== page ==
Text
That Canadian Medical Association and the provincial/territorial medical associations strongly condemn any coercive legislation that constitutes an assault on professional autonomy.
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Collaboration on non-coercive solution to physician shortages

https://policybase.cma.ca/en/permalink/policy71
Last Reviewed
2016-05-20
Date
2002-08-21
Topics
Population health/ health equity/ public health
Resolution
GC02-86
That Canadian Medical Association, divisions and affiliates urge all levels of government to provide Canadians with timely access to quality medical care by working in collaboration with the physicians to promptly implement non-coercive means of addressing physician resource issues.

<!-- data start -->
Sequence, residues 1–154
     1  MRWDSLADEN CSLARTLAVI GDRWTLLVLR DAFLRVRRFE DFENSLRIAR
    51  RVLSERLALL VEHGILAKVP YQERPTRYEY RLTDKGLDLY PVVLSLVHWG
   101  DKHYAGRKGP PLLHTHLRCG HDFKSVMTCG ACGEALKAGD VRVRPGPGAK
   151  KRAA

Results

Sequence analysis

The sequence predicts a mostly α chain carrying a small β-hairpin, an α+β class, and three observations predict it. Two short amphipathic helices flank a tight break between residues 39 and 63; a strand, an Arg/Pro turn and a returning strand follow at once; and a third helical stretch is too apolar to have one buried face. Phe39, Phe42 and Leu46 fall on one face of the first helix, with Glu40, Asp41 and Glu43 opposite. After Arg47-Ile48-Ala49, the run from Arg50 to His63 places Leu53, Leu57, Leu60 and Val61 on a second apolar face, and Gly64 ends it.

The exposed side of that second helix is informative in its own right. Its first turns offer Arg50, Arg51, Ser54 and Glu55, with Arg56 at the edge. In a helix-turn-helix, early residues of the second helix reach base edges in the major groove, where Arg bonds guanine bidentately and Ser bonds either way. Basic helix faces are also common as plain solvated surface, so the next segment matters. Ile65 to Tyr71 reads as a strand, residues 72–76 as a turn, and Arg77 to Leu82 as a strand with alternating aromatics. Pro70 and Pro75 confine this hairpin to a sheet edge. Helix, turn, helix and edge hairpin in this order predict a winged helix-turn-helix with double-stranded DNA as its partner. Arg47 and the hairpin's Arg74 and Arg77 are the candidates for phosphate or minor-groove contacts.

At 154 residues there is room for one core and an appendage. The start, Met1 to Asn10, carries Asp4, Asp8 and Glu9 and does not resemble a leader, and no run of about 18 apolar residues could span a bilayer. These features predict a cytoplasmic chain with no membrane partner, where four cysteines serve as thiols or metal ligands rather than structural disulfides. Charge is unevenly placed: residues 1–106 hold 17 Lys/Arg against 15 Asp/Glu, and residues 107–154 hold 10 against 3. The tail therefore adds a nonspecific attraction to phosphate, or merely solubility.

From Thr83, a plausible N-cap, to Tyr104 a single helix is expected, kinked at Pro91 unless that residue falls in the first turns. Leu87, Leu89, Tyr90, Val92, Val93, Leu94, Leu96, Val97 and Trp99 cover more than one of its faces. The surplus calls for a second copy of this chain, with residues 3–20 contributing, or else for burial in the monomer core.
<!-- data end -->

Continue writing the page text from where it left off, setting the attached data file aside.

1 document  
Policy Type
Policy resolution
Last Reviewed
2016-05-20
Date
2002-08-21
Topics
Population health/ health equity/ public health
Resolution
GC02-86
That Canadian Medical Association, divisions and affiliates urge all levels of government to provide Canadians with timely access to quality medical care by working in collaboration with the physicians to promptly implement non-coercive means of addressing physician resource issues.
Text
That Canadian Medical Association, divisions and affiliates urge all levels of government to provide Canadians with timely access to quality medical care by working in collaboration with the physicians to promptly implement non-coercive means of addressing physician resource issues.
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Freedom of choice for physicians and patients

https://policybase.cma.ca/en/permalink/policy72
Last Reviewed
2016-05-20
Date
2002-08-21
Topics
Population health/ health equity/ public health
Resolution
GC02-87